I know, I know… it’s just a baseboard. I don’t even know why I did it. I wanted a fancy aluminum one with threads for days, but I got this 48”x24”x1” sheet of acetal for cheap and decided, “what the hay”!
I also took the feet off the frame; I heard that was a thing?
Ouch! $1200/ sheet is rough. Phenolic and Bakelite are harder than acetal. I’ve been presented case studies of molded threads in Bakelite that had impressive results. I’ll most likely put inserts into the acetal.
I was considering a wall slat system as intended for garages — it was a composite, so should have been durable — wouldn’t have been willing to trust the slats for workholding, but they would have been a good point of registration and installation.
I think there are several important factors that the stock MDF alone doesn’t really address.
Deformation over time / stability
Useful work surface (i.e. Can be trammed, threaded etc)
Aluminium tolling plate is a good option but it’s way too expensive in Australia, phenolic sheet seems pretty well priced.
A steel frame with acetal or phenolic would be a good way to go I reckon
I saw your post on those wall slats… that’s a very interesting option. If I recall correctly, it was something like two 2x8ft sections for $100? Baseboard for days. I often time travel on this forum and by reading a mix of old and new posts, are you still using a t-track system with PVC in-between?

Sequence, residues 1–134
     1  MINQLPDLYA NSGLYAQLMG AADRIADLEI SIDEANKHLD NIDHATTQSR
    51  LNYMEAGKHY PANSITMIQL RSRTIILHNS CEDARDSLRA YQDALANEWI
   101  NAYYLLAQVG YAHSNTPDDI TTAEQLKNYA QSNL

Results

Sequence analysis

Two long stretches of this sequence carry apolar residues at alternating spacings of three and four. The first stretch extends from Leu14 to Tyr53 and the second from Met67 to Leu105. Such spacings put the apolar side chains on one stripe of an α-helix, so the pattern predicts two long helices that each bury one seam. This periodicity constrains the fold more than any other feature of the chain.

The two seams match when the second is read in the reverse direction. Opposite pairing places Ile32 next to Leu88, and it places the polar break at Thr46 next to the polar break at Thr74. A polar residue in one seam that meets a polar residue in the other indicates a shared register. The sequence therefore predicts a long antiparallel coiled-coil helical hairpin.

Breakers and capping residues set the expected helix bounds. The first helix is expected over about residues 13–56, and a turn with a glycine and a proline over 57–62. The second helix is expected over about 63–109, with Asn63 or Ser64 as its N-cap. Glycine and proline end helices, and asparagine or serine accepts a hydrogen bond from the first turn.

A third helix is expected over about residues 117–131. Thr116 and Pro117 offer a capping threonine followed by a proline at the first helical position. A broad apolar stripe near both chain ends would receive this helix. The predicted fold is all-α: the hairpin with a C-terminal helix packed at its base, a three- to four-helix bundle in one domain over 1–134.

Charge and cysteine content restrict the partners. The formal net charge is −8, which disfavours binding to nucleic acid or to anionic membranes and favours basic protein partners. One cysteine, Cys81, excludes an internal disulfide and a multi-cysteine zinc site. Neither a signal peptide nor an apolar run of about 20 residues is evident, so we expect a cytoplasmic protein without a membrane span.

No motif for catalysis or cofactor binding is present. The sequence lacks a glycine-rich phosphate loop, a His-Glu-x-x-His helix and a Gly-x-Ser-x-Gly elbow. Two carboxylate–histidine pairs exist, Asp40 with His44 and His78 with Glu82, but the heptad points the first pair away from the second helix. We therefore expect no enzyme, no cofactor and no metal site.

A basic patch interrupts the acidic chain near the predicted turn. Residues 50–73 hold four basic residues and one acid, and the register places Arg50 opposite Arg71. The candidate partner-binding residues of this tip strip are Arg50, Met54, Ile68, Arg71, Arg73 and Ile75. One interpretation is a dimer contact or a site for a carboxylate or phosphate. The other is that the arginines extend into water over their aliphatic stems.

@stutaylo - I got quotes from a few companies in the US, and to have a 1/2”-23”x41” plate of cast tool aluminum it ranged from about $200 to $400 delivered. I looked up what that sheet of acetal I used from a retailer and it was $500 prior to delivery albeit the acetal is a full 24”x48”x1”. What kind of pricing do you see for aluminum and phenolic in Australia? I can’t imagine phenolic being too cheap in the sizes we need either.
The leveling feet give 4 points of contact for the machine. If you get rid of them, the machine sits on the metal crossbars that are your machine base. It sits flat on your table (you do have a torsion-box table, don’t you? ) If it sits flat, then there isn’t nearly any flex.
PS. Watch for protruding screws on the bottom contact area.